There is currently no cure or specific treatment for frontotemporal dementia. Treatments for Alzheimer's disease have not been shown to be effective in frontotemporal dementia. However, there are treatments, both pharmacological and non-pharmacological, that can help to control symptoms of the disease.
Managing behaviours: The behaviour of patients with frontotemporal dementia can be difficult for caregivers to manage, and at times it can even lead to frustration. Carergivers may feel that the patient is no longer ‘the person they used to know’. However, it is important to understand that these behaviours are caused by the disease, and the patient should not be blamed. Arguing with the patient or scolding them for their behaviour does not work, as the patient cannot control it.
In order to deal with the apathy caused by the disease, it is useful to be proactive with the patient. For example, open questions (such as ‘What do you feel like doing today?’) are often more difficult for the patient to answer than questions with limited options (such as ‘Do you want to go shopping or to the cinema?’). Maintaining routines and adapting environments can also be useful when trying to manage compulsive behaviours. It may be helpful to consult an occupational therapist, who can assess the problems resulting from the disease and how to manage them. Link to: Behavioural Disturbances in People with Dementia | Hospital Clínic Barcelona (clinicbarcelona.org)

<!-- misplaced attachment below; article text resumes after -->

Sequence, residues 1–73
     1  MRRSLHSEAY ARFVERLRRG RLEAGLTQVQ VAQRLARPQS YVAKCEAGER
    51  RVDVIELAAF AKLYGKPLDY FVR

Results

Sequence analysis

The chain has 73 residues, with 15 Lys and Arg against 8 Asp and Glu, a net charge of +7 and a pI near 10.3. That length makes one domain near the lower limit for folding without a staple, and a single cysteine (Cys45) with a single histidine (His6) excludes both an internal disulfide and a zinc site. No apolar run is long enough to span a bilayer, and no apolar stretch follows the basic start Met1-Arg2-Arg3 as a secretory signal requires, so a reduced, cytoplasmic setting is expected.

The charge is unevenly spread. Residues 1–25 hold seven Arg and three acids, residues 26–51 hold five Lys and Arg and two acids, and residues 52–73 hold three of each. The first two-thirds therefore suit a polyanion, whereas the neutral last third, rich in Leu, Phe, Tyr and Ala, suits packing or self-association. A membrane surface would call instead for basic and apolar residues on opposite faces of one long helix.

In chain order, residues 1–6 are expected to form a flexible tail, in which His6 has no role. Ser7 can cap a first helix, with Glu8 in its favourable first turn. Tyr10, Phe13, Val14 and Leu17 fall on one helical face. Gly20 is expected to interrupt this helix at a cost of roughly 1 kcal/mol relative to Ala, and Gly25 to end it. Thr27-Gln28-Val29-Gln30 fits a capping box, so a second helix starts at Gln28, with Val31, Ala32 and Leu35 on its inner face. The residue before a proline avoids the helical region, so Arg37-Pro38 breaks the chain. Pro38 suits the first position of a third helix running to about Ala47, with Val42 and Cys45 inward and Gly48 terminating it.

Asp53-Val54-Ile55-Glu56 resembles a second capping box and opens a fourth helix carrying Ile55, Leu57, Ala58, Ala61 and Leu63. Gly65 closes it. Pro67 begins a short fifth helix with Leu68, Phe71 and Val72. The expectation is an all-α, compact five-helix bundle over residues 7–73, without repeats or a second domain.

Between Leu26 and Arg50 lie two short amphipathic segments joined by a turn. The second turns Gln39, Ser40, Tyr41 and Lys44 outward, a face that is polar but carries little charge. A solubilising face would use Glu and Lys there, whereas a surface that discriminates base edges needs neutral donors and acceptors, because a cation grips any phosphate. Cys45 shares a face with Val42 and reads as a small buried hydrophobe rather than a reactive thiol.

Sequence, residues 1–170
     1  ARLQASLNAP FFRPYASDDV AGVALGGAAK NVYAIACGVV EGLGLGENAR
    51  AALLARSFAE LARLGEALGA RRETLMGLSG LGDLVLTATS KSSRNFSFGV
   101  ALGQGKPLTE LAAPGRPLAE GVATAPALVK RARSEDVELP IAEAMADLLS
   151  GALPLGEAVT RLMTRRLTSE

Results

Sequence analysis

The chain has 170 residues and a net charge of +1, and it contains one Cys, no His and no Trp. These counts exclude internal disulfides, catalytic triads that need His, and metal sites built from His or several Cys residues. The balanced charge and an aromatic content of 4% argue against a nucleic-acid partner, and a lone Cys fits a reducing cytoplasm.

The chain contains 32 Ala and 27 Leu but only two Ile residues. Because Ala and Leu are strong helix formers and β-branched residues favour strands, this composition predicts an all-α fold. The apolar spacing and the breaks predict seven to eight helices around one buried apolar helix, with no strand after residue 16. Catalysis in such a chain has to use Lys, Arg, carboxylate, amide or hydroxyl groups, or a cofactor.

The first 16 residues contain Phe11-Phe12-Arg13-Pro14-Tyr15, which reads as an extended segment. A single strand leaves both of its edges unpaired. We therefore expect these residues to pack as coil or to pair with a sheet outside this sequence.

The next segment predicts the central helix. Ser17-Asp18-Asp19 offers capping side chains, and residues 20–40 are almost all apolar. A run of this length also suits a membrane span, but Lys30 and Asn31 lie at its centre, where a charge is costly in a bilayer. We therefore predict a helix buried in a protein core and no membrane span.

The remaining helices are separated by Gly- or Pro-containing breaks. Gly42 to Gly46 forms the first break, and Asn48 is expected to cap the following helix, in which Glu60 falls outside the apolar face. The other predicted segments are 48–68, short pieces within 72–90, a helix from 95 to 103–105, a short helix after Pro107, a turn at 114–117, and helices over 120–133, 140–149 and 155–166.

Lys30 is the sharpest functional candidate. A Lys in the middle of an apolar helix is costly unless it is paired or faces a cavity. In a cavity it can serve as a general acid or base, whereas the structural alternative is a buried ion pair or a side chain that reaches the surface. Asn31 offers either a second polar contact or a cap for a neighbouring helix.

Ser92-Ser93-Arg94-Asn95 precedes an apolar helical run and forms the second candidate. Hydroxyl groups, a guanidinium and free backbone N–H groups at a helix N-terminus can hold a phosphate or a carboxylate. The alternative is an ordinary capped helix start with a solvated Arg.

Speech therapy: Speech therapy is recommended for patients with speech disorders. Speech therapy aims to strengthen linguistic skills, and to find alternative tools to compensate for impaired abilities. For example, in advanced stages of the disease, when verbal communication may be lost, a speech therapist can help with alternative forms of communication such as mobile applications, drawings, etc.
There is currently no pharmacological treatment capable of restoring, stopping or slowing the neurodegenerative process of frontotemporal dementia. However, there are symptomatic treatments that can help to control symptoms of the disease. These symptomatic treatments consist of antidepressant and antipsychotic treatments:
Antidepressants: Some types of antidepressants, such as selective serotonin reuptake inhibitors (SSRIs) may help to reduce the behavioural problems associated with frontotemporal dementia.
Antipsychotics: some antipsychotic medications, such as quetiapine, risperidone and olanzapine, may be useful in controlling the behavioural symptoms of the disease. However, these drugs should be used with caution due to their potential adverse effects.
Researchers continue to explore the biological and genetic causes of frontotemporal dementia with the ultimate goal of modifying the course of the disease, in other words, being able to stop or slow down deterioration of the brain. Most of these drugs aim to prevent the accumulation and propagation of abnormal protein deposits in the neurons.
However, researchers are also working on new biochemical biomarkers (molecules present in the blood or cerebrospinal fluid) or neuroimaging biomarkers (magnetic resonance imaging or PET) to improve diagnosis of the disease and allow for targeted treatment where available.